To correct this misrecognition, Orthodox scholars assert that both the operation of institutional racism and the existence of widespread racial discrimination in the past as well as in the present justify African American economic and social grievances. Orthodox thinkers appear aware that their key claim, the operation of institutional racism, is controversial, often denied by those who adhere to the notion of the United States as a fundamentally color blind society. The basic premise of the necessity of rooting out racism as a route to genuine Orthodoxy requires therefore to identify both specifically where and how racism operates, as well as its consequences. Editorials in Public Orthodoxy indeed regularly cite academic research and case studies that are widely discussed in the public sphere to demonstrate how racism inflicts multiple facets of Black America. Commentators do not shy away from explicit political references, linking institutional racism with white nationalism and mainstream political rhetoric. For these thinkers, the current political landscape is a cause for alarm:

This illusion of progress has unraveled at the seams in the past year and a half. The Black Lives Matter movement shed light on police brutality against the African-American community, Michelle Alexander’s brilliant book, The New Jim Crow Law, revealed disturbing racial trends regarding who gets incarcerated and for how long, and Donald Trump won the American presidential election with a campaign that attracted the support of the KKK. All the while, race-based hate crimes have risen in the past year.8

The Orthodox project of theosis links its spiritual aspiration with secular knowledge. It assigns Christians the civic obligation of understanding the contemporary and historical predicament of African Americans. Orthodox-affiliated scholars ask that the public critically examine its assumptions about African American lives and political movements, inviting in turn, informed dialogue across difference. They draw upon contemporary conversations regarding white privilege in order to render visible the ways in which discrimination is performed in everyday life and to raise consciousness about poverty and marginalization as a result of a discrimination, not cultural predispositions:

What our struggle for theosis most demands is a politics of empathy. What can this look like? … In imagining what it is like to be in the body of a Black person in the USA, perhaps we can see more clearly the structures in place that facilitate the inequality among persons. Those Orthodox Christians who say that Blacks should just “improve their culture” (yes—I’ve heard this), do not have a sufficiently theological understanding of sin and its insidious and lingering social effects. Is it really that easy, as an example, to will a better life for those who find themselves judged unemployable for a job or unworthy of a promotion because of their skin color–much as some Orthodox Christians in a not so distant past?9

The route to theosis passes through the road to citizenship. The latter is seen as more than adhering to legal rights associated with citizenship such as voting. Citizenship entails the ability of a person to engage in meaningful dialogue with others, as well as to exhibit empathy, the capacity to identify compassionately with the experience of others. Both these abilities are acquired personal skills that may be “less overtly political,” yet “more than a soft-hearted view of citizenship as mere affect.” The making of citizens through education interweaves the personal and the political. Active involvement on behalf of a collective hinges upon a person’s capacity to experience a sense of empathy, develop “ethical consciousness, and capacity to engage in dialogue with others.”10 Papanikolaou questions erroneous assumptions about the Other, namely the widespread misconception linking poverty among African Americans with their culture. In this respect, he points to the foremost mission of educating American citizens. As James Banks, one of the founders of multicultural education, writes, “[t]o become effective citizens in the twentieth-first century students must be knowledgeable about the conceptions of various ethnic and racial groups within society, how these conceptions were constructed, and their basic assumptions and purposes.”11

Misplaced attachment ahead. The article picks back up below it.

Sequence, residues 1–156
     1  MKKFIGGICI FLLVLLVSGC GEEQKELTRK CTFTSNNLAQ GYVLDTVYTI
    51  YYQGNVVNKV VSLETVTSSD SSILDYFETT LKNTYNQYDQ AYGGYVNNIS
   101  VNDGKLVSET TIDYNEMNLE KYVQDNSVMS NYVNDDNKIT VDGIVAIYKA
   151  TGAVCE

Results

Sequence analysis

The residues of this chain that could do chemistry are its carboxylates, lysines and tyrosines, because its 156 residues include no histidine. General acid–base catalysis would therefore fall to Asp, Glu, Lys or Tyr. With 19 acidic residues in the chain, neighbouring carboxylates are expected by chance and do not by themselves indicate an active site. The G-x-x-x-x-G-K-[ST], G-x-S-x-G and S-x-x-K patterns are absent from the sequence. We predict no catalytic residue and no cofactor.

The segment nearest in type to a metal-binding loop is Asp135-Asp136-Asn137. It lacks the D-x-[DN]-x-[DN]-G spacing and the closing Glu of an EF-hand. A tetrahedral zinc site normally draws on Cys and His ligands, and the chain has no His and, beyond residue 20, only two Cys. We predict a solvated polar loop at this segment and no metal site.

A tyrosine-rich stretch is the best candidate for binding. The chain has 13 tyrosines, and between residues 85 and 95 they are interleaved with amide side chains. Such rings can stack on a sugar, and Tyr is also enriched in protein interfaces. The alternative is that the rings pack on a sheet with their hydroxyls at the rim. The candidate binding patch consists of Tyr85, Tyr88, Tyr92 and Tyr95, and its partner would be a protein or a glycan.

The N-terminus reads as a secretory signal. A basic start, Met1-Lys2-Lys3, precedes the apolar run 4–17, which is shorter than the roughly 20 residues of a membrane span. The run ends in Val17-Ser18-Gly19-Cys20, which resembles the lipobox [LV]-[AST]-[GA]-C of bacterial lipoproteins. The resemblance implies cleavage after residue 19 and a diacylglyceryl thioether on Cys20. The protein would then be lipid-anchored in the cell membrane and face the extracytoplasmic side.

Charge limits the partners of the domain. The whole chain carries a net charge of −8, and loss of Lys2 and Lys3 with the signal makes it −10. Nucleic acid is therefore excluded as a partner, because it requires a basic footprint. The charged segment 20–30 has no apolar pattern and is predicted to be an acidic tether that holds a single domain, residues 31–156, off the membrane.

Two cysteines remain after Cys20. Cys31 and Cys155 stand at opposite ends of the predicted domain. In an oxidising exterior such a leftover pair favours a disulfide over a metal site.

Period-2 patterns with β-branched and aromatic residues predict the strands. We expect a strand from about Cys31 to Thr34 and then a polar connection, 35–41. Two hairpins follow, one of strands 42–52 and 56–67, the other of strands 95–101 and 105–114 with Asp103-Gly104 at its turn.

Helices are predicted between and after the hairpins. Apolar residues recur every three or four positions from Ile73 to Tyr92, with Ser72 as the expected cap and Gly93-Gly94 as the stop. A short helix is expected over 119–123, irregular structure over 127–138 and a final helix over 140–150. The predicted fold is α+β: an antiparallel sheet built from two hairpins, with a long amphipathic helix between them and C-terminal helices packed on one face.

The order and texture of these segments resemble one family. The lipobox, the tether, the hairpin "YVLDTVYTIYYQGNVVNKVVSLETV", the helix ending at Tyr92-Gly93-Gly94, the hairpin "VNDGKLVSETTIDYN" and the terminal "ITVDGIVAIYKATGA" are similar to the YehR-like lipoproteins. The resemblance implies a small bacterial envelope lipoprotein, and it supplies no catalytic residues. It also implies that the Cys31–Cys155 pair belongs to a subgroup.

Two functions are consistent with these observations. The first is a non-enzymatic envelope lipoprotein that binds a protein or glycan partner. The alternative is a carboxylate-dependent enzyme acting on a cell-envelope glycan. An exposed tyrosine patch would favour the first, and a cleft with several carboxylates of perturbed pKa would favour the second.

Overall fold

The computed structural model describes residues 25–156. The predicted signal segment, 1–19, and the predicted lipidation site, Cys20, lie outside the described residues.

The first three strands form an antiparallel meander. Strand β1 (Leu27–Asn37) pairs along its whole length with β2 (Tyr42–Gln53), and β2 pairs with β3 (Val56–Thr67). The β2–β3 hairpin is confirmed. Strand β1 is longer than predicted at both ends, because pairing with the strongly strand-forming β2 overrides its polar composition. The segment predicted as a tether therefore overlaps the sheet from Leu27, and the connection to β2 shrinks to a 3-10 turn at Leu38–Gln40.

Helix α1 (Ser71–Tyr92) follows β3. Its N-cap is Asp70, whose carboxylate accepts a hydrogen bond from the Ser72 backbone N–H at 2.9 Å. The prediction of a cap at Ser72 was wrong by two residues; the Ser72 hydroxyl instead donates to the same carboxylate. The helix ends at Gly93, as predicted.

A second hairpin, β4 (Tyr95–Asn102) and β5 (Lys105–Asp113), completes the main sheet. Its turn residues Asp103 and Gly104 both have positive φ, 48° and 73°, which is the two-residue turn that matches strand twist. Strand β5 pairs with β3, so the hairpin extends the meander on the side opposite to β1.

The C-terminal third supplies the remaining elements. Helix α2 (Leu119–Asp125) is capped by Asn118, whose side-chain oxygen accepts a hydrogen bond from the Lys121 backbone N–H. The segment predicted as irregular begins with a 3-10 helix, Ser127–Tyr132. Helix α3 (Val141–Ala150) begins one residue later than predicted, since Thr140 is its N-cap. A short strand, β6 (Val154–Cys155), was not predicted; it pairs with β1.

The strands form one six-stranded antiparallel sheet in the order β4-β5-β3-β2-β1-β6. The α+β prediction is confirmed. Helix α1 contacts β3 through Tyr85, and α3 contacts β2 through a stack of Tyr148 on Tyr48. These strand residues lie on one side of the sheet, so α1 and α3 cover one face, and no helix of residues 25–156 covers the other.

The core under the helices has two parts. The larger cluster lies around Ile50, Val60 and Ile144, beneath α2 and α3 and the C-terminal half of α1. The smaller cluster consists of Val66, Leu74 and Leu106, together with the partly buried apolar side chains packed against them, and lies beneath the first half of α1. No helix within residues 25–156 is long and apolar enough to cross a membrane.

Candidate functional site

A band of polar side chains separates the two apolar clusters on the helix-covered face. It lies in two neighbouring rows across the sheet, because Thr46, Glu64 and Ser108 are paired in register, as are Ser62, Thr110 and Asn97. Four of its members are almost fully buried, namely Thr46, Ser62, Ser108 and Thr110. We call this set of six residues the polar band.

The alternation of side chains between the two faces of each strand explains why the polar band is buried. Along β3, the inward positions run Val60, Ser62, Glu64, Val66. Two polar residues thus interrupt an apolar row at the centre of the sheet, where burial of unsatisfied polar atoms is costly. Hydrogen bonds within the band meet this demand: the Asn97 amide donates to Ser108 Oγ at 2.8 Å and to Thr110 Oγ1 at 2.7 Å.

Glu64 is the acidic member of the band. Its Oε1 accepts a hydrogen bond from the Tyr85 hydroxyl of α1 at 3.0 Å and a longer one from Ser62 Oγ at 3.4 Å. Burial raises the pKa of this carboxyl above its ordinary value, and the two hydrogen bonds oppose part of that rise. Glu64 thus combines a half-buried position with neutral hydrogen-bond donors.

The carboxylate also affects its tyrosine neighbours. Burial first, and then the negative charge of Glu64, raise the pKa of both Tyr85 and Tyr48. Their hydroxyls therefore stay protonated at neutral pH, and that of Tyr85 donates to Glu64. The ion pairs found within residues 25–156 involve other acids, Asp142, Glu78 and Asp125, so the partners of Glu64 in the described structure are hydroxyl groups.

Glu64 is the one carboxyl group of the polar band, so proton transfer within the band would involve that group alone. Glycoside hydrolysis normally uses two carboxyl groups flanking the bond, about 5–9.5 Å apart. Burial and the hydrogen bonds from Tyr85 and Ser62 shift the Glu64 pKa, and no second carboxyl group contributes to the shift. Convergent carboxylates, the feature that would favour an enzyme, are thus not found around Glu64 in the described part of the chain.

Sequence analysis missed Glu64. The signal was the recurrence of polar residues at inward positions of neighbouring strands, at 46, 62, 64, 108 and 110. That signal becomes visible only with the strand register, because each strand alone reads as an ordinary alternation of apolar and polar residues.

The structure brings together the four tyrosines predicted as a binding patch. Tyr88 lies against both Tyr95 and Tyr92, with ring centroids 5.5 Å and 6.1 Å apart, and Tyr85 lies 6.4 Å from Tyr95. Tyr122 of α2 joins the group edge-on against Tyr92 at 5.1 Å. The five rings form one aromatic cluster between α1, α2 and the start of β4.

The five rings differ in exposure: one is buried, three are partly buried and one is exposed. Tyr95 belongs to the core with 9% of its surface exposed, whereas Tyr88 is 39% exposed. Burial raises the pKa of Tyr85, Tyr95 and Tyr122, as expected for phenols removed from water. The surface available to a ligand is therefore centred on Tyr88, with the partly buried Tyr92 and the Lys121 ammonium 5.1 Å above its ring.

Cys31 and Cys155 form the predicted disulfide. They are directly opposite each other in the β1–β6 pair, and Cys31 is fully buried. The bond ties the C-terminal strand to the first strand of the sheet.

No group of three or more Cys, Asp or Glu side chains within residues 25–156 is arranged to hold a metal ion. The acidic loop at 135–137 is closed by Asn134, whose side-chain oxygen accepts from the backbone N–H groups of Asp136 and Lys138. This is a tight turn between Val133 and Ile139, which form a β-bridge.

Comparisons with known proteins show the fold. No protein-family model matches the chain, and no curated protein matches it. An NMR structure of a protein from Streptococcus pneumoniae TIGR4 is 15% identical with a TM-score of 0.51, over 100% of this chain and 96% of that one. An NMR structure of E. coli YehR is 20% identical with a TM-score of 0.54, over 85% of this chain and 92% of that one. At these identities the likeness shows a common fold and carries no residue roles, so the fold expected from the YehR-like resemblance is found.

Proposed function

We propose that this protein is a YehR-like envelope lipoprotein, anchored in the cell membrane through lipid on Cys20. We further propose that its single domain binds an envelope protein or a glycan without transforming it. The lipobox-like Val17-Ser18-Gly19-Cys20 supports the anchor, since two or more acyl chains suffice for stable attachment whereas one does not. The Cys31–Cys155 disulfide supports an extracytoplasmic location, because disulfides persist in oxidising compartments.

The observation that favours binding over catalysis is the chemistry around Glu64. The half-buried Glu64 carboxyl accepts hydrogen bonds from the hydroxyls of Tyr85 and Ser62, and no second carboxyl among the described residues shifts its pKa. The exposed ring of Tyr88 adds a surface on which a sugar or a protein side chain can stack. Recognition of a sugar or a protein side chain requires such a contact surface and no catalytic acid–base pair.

Orthodox scholars embrace the common definition of empathy as “identification with and understanding of another’s situation, feelings, [and] motives” coupled with the capacity for compassion toward that person’s position.12 Specifically, Orthodox people and Greek Americans are called to put themselves in the place of an African American person; to move beyond comfortable whiteness, that is, and imagine “what it is like to be in the body of a Black person in the USA.” They are invited to imagine how it feel to embody “blackness” in a society where black bodies are often seen as dangerous, unworthy, or unemployable.13 There is a twofold interest here. Education, in this narrative, offers the means for understanding the predicament of African Americans, of learning something one lacks from direct experience. And there is the call to set in motion one’s imagination to feel how it would feel if we were in the position of the Other, an imaginative bridging across difference that is necessary to generate compassionate identification.